Who are your money teachers?

Friday October 19 2018

What lessons did you learn and what beliefs are you carrying around? Sit with yourself and go back in time. PHOTO| FILE| NATION MEDIA GROUP


James’s first job was as a management trainee at a bank about seven years ago. He admired his boss and considered him a mentor.

They had a good relationship and James was sure that his career would progress as long as his boss held his hand.

They went out for drinks one day and his boss told James that despite his hard work and effort, he would have to upgrade his lifestyle if he wanted to advance in his career.

The words that cut deep were that he (the boss) did not get where he was by driving the kind of car James was driving.

Unfortunately for James, there was nobody else as influential in his life to teach him something different. And so the belief was set.



James slowly started changing his life, not because he wanted to but because he believed this was the right way to enhance his career. Seven years later this life has caught up with James.

This lesson has gotten him in loads of debt that he is now struggling to get out of.

Teachers are important – and not just for our children, but for us, too. I was at a forum where the speaker, in a bid to break the ice, asked us who our most impactful teacher was, and why. Some attributed pursuing certain careers or arts because of a teacher.

Others confessed to habits formed on the basis of something someone told them. That’s how powerful teachers are. Anyone who influences our actions and character is a teacher, be they a boss, a parent, a mentor or a colleague you find inspiring.

As we teach money in our classes, we have come to realise the problem is not the budget, spending or the fact that you are in debt, lack of savings etc.

The deeper problem is the initial teacher (s) who made people have a certain mindset about money. It is important to recognise your teachers. Some may have taught you the right thing. But, like James, others may not.

Rachel’s mother was a different type of money teacher from James’ boss. Rachel learnt to ‘hustle’ from observing her mother. She saw her do multiple things to bring in money so that Rachel and her brother could go to very good schools. Farming, selling household goods, investing in stocks, construction, etc. She would take Rachel around with her while banking, and conducting business, and did not shy away from having her children listen when she needed to discuss payment plans with the school. Rachel has a very good job but it does not stop there for her. She is invested in stocks, some businesses, and property. Her mind relates to money as something to multiply because it is what she saw. She does enjoy her money but has no issue tightening her belt when the need occurs.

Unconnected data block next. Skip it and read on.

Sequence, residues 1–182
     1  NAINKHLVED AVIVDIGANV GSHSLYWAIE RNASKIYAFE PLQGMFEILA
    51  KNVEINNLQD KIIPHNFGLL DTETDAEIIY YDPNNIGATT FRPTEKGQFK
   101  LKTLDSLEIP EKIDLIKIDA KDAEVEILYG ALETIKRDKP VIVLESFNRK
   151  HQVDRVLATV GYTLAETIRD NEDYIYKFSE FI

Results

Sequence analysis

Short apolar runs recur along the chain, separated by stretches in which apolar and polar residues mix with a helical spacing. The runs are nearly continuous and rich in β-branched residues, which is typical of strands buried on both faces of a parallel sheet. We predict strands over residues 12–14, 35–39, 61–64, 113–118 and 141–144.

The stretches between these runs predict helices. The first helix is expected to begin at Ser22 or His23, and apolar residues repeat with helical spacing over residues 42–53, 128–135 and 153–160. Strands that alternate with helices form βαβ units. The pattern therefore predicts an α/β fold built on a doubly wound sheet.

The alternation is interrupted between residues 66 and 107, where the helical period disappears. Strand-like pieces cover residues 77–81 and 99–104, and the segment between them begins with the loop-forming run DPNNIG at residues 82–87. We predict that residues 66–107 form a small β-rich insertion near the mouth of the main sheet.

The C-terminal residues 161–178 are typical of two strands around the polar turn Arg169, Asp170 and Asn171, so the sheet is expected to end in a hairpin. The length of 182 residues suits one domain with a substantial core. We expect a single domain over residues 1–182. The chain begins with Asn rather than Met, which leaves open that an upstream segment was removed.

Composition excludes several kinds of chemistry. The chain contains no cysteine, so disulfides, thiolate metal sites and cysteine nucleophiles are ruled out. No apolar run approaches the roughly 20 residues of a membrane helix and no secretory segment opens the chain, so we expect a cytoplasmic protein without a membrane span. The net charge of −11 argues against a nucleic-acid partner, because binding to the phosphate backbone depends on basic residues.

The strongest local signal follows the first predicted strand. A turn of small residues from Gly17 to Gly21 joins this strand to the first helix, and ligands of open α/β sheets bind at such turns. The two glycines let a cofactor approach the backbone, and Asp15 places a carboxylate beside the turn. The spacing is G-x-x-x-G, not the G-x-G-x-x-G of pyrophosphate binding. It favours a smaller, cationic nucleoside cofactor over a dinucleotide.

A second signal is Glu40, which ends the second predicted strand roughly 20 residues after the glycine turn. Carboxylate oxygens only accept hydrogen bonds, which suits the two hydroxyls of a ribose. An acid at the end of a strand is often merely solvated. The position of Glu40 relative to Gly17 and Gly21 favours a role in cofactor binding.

What lessons did you learn and what beliefs are you carrying around? Sit with yourself and go back in time. Who has influenced your financial behaviour both positively and negatively? There will be some teachers who were wrong and you need to understand that. It doesn’t mean that they were bad people with ill intentions on your life.

Maybe they were also given the same lessons by somebody else. This awareness is a very important step.

Right now do you continue surrounding yourself with the wrong teachers? Certain friends, social media, groups etc.

You can also decide to find the right teachers. Have a conversation with somebody different, read something, take a class, etc.

The difference between people is not how much money they have today, or even education. It is really how they think. Somebody taught you to think the way you do. Do you need to re-learn?


Waceke runs a course on personal finance & entrepreneurship. Get in touch with her on [email protected]|Facebook/WacekeNduati| [email protected]